Executive Orders, Past and Present
When a president signs an executive order, it will sometimes spark partisan debate because it leads to a policy change. What makes an executive order unique from Congressional legislation? And what Constitutional questions might their usage raise? By studying the purpose of executive orders and their historic use, students can find common themes and form their own opinions on what constitutes a valid use of executive power.
Have students read the first sentence of Article II, Section 1, and all of Article II, Section 3. Then have them read What is an Executive Order, and Why Don’t Presidents Use Them All the Time? and answer the following questions.
- According to the Constitution, the president holds the executive power of the national government. In your own words, what does this mean?
- Using the article, define what an executive order is.
- What does the article say are some limitations to the power of executive orders?
- The author argues that executive orders are not unilateral. Some contend that executive orders sometimes are actually very unilateral, and violate our constitutional principles of popular sovereignty and checks and balances. They claim that unelected bureaucrats within executive agencies draft these orders, figures that the people have a hard time holding accountable. Additionally, this side argues that executive orders sometimes create new policy without input from Congress, the branch tasked with creating laws. Which side do you agree with? Why?
Next, have students research two famous executive orders from history. Possible starting points are President Franklin Roosevelt’s Order 9066, President Lincoln’s Emancipation Proclamation, and President Truman’s Order 10340. Have them use the following questions to guide their research, and then present their findings.
- Who signed this executive order?
- What year was it signed?
- What policy did this order enact?
- Were there any legal challenges to this order? What were they?
- Do you believe this order violated any constitutional principles? Or do you believe it was a lawful measure meant to execute a constitutional policy previously passed by Congress? Explain.
Read a newspaper to learn more about President Biden’s recent executive orders. What policies are these orders directed at accomplishing? Why do you think one of the first thing a new president does in the modern era is sign executive orders? What are some benefits and challenges that result from this pattern?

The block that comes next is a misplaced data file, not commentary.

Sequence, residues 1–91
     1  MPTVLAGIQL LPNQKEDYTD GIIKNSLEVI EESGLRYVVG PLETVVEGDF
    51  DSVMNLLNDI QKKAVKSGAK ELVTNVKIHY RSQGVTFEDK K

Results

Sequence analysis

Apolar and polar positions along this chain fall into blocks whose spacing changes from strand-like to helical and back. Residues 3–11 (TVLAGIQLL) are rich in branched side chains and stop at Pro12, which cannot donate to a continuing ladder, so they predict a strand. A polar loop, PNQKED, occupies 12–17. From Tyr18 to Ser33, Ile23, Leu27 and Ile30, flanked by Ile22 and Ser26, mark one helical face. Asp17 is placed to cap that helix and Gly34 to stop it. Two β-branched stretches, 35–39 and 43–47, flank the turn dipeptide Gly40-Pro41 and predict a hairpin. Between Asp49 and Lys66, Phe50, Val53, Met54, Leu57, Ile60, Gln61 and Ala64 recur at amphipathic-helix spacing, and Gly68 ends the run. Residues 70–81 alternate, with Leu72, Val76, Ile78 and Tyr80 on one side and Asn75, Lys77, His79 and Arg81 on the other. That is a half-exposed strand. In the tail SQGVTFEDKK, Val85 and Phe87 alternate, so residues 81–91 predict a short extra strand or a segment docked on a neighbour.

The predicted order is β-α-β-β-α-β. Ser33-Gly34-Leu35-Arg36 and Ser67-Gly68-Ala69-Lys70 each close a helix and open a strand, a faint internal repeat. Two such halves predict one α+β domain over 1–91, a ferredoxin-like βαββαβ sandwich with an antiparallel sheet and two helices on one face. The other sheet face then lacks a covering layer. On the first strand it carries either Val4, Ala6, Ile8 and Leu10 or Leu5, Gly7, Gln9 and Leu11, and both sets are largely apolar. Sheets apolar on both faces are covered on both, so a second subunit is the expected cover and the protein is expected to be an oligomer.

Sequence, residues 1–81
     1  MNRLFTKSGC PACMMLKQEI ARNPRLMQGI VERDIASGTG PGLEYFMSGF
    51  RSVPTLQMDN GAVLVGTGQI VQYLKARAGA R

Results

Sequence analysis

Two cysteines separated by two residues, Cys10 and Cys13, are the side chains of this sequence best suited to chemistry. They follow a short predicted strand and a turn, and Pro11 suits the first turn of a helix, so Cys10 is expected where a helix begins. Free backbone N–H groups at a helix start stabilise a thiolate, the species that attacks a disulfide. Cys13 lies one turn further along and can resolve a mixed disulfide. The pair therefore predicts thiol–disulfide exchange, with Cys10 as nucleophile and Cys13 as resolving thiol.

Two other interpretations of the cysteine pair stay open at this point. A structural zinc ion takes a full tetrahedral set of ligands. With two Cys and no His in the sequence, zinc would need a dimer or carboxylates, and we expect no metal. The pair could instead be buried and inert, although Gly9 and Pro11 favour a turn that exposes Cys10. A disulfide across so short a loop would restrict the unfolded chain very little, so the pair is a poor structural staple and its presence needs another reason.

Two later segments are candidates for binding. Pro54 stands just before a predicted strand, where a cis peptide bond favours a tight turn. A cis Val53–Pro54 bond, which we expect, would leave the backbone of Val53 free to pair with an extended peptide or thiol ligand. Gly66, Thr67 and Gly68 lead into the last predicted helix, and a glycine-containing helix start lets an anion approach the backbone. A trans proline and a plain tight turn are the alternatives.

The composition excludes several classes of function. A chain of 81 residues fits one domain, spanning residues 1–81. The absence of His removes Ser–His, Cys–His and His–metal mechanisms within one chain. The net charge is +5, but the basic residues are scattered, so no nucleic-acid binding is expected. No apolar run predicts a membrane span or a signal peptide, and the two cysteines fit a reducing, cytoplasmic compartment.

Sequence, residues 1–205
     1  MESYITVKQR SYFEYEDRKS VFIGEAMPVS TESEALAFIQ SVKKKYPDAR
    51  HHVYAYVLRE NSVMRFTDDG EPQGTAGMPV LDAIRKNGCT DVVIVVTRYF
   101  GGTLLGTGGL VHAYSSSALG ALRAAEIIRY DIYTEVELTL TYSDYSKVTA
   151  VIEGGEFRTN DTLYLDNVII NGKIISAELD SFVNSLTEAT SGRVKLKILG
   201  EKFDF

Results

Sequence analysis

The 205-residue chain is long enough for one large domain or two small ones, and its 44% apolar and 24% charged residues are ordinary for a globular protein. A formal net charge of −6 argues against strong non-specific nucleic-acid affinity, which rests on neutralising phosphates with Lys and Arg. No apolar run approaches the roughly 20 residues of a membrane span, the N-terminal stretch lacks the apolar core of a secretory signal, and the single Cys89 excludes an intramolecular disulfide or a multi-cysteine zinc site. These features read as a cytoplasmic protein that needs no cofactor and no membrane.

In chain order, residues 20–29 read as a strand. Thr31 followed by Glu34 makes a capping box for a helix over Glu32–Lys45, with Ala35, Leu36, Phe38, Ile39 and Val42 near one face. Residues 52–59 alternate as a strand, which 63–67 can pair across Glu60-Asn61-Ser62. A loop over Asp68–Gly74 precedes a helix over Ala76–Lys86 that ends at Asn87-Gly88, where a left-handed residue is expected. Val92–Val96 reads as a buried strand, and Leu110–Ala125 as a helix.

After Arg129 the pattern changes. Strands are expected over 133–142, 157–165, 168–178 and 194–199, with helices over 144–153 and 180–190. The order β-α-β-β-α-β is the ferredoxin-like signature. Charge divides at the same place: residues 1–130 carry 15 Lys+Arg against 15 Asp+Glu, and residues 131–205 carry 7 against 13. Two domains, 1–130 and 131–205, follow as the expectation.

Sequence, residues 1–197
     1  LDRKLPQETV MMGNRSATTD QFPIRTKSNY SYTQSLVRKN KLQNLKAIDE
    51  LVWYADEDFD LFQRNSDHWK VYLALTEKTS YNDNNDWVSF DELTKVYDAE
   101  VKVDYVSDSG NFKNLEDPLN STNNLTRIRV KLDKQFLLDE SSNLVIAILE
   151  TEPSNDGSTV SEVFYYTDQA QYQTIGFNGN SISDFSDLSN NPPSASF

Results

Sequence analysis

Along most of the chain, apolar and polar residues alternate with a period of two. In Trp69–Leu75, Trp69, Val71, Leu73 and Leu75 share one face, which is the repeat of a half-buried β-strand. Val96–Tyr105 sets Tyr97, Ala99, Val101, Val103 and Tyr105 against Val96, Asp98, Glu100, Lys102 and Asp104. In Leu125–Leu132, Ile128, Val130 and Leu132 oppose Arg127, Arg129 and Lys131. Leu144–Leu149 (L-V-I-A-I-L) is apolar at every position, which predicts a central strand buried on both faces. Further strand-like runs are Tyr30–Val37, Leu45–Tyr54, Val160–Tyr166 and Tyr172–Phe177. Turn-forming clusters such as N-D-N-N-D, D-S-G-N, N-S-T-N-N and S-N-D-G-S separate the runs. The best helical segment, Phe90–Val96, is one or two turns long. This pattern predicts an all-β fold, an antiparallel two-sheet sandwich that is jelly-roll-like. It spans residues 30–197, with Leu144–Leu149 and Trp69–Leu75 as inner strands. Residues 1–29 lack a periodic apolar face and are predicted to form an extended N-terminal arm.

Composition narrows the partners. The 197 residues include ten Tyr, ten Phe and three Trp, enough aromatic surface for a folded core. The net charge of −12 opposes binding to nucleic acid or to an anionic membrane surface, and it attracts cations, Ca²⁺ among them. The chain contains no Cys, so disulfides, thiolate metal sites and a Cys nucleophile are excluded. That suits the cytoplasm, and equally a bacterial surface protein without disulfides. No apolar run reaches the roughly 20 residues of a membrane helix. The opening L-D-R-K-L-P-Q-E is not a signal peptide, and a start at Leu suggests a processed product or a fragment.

Presidents and the Constitution
Presidents and the Constitution (Volumes 1 and 2) will allow students to explore how specific constitutional principles have applied in numerous situations in history. Volume I features fifteen lessons organized according to five constitutional themes: “The President and Federal Power;” “War and the Constitution,” “Slavery and the Constitution,” “The President as Chief Diplomat,” and “Electing the President.” Volume II features three new themes as well as second units on “War and Federal Power.” Presidents and the Constitution will help your students understand the powers delegated to the President in the Constitution, and with this knowledge, to be more informed citizens and critical students of history and current events. The curriculum is made possible by The National Endowment for the Humanities and Dr. John M. Templeton, Jr.
Federal Power: Presidents and the Constitution
Debate about the limits of the president's power began at the Constitutional Convention and continues today. James Madison, considered the "Father of the Constitution," believed that strict limits on federal power were best for liberty. Powers of the federal government which were not enumerated in the Constitution were forbidden. Many later Presidents agreed with Madison, while others, beginning with Theodore Roosevelt, took a more expansive view of the scope of federal power. Theodore Roosevelt was the first President to argue that powers not forbidden were granted. He presided over the greatest expansion of federal power in our nation's history to that time. While the President has the power to "recommend measures" to Congress which he believed are necessary, the President is not a lawmaker. Franklin D. Roosevelt and Lyndon B. Johnson, capitalizing on what Theodore Roosevelt had called the "bully pulpit," were open advocates of policies they believed were needed, and which also increased the size and power of the central government. Ronald Reagan worked decrease the side of the national government and restore what he saw as the rightful place of states in our federal system. Tension between these two understandings (expressed powers and implied powers), and debate over the outcomes of their exercise, has persisted throughout American history.